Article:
I’ve been thinking about this with the information that has come out about Josh Duggar and his molestation of at least five young girls when he was a teenager and they were younger. I’m not linking to any story related to that. You can google it and come back. In addition to no charges filed, Duggar’s “therapy” was to help a family friend with a construction project. Then he was readmitted to the bosom of the family and it is likely that those whom he abused, including some of his sisters, were ordered to forgive him. It has been alleged that victims of this molestation also received counseling. In the same manner as Josh? Was their counseling toward their own ownership of their bodies and their right to reject unwanted advances? Was it counseling toward releasing of guilty feelings and wholeness? Was there a time to discuss that forgiveness might never feel right or come?
Part of the reality of the Duggars’ Biblical interpretation involves the subservience of women- in childhood and in marriage. Sisters are subservient to brothers. Daughters to fathers. Wives to husbands. Day in and day out. This is the obedience that matters. This order puts women in right relationship with God.
That manipulation of the Word, as well as the male gaze, makes me wholly uncomfortable, to say the least. Women who are taught- nay, indoctrinated- to this end struggle to perceive self worth outside of their relationship with men. Where they resist, it is labeled disobedience. Where they are mistreated, they are marked as co-sinners- in temptation and “allowing” such things to occur. Even little girls know that their value comes from how men view them, not what they can do themselves.
How far we have come from Luke’s paragraph- meant to end speculation and to clarify that women were a valued and valuable part of the traveling disciples’ group… AS women. The later church rejected the Gospel of Thomas, which asserts that Jesus would make Mary Magdalene like a man so that she could be saved, as the men were to be. The accepted gospels let stand that God enfleshed only had one gender expression, but he surrounded himself with many other bodies.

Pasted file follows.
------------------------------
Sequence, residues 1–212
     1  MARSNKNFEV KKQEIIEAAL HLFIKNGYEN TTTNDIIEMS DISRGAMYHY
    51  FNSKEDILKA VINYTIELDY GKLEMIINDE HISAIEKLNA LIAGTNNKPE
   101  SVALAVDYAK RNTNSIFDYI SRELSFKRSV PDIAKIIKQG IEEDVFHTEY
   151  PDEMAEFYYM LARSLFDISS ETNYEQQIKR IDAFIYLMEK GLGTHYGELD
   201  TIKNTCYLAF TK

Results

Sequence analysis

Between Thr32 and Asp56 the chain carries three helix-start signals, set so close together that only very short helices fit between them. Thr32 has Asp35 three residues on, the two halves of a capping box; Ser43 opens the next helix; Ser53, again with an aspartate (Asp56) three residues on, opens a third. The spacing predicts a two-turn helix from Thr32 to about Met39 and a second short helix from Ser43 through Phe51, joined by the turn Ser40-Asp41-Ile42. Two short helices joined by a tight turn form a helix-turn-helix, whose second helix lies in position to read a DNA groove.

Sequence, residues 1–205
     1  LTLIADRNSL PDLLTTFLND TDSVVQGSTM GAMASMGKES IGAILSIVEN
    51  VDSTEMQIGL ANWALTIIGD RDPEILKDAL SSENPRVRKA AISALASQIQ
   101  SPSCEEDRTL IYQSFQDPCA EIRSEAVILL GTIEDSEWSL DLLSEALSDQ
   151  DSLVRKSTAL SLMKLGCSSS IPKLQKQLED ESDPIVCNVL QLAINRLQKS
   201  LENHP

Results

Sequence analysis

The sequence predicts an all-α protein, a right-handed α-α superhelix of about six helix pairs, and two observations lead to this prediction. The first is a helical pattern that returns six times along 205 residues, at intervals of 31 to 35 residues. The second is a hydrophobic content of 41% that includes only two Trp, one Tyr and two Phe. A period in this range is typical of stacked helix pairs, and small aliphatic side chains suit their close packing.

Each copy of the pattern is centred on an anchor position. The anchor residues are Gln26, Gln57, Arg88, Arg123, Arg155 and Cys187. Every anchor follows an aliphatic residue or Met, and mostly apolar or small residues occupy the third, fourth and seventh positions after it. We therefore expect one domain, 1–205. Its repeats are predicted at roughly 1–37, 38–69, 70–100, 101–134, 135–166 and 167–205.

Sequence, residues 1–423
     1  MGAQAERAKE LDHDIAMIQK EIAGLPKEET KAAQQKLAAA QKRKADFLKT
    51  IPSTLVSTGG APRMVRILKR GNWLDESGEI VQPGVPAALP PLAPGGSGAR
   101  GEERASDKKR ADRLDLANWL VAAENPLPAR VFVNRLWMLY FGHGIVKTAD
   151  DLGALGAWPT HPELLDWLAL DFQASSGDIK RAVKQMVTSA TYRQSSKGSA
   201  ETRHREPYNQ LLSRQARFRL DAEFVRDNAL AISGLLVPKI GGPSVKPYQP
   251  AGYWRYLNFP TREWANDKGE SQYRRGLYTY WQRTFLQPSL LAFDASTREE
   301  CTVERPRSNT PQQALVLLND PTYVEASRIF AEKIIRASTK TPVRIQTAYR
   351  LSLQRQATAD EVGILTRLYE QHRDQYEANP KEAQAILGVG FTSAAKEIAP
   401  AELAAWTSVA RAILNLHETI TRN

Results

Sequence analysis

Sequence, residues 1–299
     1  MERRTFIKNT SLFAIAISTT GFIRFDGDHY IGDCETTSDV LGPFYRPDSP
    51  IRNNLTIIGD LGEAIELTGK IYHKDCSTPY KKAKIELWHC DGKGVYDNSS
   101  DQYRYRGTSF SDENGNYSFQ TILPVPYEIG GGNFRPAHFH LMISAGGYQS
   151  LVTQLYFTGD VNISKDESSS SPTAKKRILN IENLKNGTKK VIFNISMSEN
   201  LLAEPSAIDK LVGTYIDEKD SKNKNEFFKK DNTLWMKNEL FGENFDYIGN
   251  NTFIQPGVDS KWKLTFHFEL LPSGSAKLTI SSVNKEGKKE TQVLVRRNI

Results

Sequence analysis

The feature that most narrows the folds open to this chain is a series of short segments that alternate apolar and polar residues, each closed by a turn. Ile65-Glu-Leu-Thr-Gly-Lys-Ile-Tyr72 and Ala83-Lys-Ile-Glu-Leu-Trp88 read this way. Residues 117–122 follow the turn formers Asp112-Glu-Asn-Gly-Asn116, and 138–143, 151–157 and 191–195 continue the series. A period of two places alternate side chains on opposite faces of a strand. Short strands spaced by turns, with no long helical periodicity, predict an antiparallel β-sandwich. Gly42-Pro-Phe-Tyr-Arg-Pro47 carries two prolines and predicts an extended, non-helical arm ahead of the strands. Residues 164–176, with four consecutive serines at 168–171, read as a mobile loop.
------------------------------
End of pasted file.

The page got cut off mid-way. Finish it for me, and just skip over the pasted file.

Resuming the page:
We cannot allow a twisted perception of the Gospel, of women’s roles, of “obedience” to co-opt the wideness of God’s mercy. There is no joy in Mudville that Josh Duggar has been exposed as having molested young girls. There is deep, deep grief that he, along with his victims, grew up with an understanding of the Bible that left all of them confused as to what is right relationship between men and women. His sin is not the only one here and he’s not the only one who needs to ask for forgiveness.
Whether or not the forgiveness is granted, from humans, is a different story. I have to ask myself, what would Mary, Susanna, and Joanna do?
2 thoughts on “The Pastoral is Political: The Male Gaze is Unbiblical”
Well said ! It saddens me that the biblical view of women has been so distorted and that the distorted view is widely popular in the media.